On Mandela Day, a visual artist Greatjoy Ngabulo Ndlovu Twenty-eight of his art pieces have been auctioned at Rosemary Hill Farm in Pretoria in an event called ‘A Night with Great Joy’. Ndlovu dedicated it to him The twenty-eighth piece is entitled No finalTo former President Nelson Mandela in recognition of his work in empowering children.
The beneficiaries of the funds collected are Kay Mason Foundationa non-profit organization working in the field of education that provides scholarships to disadvantaged learners to pursue their studies, and smile operationIt provides free surgeries for children and young adults with cleft palate.
“I choose to dedicate a portion of my life’s work to impacting children’s lives because I sincerely believe that every child deserves a fair chance at a happy, healthy, and successful life, unimpeded by circumstances beyond their control.
“I feel a personal connection to this cause because I realize that these same children, under different circumstances, can grow up to be noble leaders, intelligent scientists and contributing citizens,” Ndlovu said in a statement prior to the event.
Mbale Khopika, a 2008 Kay Mason Foundation scholarship recipient and now an alumna, spoke at the auction. She said the scholarship allowed her to “finally become a child” and be able to focus on her studies. She went on to graduate top of her class at Stellenbosch University and is now an investment banker.
“Now I am waiting for the day when I can also become a donor and say I have completed the cycle,” Khopica said.
“The Foundation is helping to change the story of many families in South Africa… Every child deserves a successful life.”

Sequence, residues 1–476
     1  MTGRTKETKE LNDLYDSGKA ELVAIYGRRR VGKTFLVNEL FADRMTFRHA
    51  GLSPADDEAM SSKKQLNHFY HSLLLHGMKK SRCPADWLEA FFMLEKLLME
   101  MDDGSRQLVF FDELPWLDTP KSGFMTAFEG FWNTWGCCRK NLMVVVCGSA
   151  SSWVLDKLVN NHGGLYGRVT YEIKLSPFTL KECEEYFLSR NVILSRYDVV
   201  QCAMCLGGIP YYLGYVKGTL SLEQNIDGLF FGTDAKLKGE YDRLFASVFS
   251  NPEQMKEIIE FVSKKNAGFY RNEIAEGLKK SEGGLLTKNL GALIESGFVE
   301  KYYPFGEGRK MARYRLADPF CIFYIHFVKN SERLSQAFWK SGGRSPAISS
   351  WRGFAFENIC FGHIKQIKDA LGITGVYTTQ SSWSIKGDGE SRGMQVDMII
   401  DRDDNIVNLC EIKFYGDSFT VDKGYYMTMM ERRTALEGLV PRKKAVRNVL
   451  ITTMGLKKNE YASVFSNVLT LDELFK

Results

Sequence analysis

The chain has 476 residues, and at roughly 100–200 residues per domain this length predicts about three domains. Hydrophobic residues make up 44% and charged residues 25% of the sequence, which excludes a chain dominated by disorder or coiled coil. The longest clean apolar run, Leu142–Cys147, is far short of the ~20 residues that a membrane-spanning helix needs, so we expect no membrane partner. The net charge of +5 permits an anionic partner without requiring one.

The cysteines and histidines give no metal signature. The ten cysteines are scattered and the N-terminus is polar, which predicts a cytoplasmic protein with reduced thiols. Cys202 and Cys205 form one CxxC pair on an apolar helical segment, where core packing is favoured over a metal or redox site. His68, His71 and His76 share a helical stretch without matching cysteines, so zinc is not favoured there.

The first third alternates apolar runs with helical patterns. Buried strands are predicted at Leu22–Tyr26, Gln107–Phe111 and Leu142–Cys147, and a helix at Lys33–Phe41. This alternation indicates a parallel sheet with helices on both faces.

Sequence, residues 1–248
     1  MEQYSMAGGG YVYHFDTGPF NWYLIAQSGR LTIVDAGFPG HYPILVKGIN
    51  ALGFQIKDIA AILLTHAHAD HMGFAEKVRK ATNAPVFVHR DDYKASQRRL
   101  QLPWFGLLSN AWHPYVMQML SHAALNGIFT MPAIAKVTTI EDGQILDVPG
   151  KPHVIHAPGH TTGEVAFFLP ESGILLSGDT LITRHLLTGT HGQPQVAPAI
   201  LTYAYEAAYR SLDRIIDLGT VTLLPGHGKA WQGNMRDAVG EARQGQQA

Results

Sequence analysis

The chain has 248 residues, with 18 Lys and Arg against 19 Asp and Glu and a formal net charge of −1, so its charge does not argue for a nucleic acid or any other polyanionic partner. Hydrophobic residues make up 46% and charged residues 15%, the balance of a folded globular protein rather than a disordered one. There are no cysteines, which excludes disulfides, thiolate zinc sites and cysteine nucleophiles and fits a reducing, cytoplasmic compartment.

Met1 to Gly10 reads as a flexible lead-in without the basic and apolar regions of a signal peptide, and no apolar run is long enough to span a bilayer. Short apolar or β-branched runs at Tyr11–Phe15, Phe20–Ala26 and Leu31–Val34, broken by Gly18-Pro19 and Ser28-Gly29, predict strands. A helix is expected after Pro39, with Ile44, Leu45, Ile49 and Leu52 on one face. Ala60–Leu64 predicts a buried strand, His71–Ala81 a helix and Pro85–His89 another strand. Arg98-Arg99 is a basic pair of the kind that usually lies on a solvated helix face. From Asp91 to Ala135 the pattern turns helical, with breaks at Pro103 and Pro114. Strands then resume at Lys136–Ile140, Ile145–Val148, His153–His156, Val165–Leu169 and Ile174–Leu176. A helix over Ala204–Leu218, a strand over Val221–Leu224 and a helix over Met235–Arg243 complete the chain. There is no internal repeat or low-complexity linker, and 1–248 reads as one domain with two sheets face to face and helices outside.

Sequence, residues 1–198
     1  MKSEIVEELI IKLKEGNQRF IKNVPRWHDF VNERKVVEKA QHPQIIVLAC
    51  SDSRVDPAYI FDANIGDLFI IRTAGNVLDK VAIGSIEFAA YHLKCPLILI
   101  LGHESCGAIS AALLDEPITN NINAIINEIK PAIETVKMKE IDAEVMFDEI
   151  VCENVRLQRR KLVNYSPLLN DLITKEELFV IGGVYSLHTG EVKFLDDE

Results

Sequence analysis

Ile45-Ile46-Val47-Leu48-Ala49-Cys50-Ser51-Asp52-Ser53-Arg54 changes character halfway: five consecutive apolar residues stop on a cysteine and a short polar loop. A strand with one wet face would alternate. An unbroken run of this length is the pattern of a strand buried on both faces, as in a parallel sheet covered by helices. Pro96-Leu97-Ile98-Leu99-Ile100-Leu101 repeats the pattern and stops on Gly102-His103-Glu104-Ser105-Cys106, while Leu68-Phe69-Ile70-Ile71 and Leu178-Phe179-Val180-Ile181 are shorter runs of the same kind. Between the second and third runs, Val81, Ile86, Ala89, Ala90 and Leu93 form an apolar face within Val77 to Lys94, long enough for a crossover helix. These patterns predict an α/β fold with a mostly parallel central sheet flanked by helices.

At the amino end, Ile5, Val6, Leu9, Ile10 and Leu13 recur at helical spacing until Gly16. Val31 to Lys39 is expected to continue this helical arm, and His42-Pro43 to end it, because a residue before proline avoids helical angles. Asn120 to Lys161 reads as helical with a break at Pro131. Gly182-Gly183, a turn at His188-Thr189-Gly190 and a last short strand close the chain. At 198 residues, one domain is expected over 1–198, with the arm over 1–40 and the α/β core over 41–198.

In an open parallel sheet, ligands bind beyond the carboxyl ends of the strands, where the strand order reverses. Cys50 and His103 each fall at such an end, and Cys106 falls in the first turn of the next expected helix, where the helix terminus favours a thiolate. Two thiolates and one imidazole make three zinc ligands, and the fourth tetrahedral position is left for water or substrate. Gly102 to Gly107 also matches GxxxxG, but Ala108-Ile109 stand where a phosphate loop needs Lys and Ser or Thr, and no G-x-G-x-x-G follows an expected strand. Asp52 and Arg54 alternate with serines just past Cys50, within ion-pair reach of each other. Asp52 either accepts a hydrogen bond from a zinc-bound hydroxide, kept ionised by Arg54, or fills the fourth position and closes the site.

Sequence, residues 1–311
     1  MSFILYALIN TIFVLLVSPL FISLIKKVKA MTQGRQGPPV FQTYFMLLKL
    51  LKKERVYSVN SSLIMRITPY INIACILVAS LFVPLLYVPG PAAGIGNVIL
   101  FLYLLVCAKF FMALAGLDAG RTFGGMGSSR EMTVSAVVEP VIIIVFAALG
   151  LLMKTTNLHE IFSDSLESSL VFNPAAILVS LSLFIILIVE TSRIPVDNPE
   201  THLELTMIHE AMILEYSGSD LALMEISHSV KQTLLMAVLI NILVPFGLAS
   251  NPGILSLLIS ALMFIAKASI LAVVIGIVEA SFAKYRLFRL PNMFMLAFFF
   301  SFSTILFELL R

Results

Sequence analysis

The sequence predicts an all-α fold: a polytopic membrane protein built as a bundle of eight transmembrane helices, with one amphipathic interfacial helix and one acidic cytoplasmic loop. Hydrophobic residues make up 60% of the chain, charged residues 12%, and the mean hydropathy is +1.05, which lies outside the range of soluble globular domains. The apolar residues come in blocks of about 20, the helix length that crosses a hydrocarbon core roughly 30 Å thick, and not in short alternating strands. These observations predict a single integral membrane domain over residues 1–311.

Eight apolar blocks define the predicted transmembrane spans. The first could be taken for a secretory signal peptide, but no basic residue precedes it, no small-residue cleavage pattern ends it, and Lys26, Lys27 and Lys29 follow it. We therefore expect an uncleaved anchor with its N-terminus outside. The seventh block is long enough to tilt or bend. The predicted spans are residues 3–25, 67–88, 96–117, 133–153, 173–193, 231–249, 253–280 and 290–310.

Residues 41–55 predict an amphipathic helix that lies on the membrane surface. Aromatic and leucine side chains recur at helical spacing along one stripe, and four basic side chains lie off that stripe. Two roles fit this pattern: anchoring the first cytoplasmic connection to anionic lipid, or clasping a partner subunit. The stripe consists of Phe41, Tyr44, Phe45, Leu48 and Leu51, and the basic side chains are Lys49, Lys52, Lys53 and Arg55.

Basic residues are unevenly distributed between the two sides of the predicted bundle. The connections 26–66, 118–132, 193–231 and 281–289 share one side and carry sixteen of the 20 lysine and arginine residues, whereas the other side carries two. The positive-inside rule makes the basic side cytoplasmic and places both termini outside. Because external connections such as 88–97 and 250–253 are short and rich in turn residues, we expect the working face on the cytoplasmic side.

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Ingrid Mvulani of Operation Smile told attendees that Mandela Day showed that “giving isn’t just about giving – it’s about making a difference.”
She said children with cleft palates are often hidden away in communities and even abandoned because of the stigma attached to their condition. They often do not go to school, and when they do, they are ridiculed and ridiculed.
Muflani said many families, particularly those in disadvantaged communities, cannot afford their children to have the life-altering surgery.
“The gift of surgery does not end at surgery. It is a physical and mental gift that allows children to integrate into communities.”
At the auction, Ndlovu said he considers art to be about community and living a life with purpose and fulfillment.
“What inspired me to create ‘A Night of Great Happiness’ was to enhance and enrich the spirit of Madiba, and also to share the idea of generosity between artists and the art community, so I had to create a body of work that was inspiring and enlightening,” said Ndlovu.
He went on to say that the reason he collaborates with non-profit organizations is to “create the soul of Ubuntu”.
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While this was the inaugural event, Ndlovu plans to host it again in New York next year. He hopes to make it a global event that will attract more artists and other charitable organizations.
Eighteen pieces of art that have been put to will It is donated to children’s hospitals – including the Nelson Mandela Children’s Hospital – around the world. DM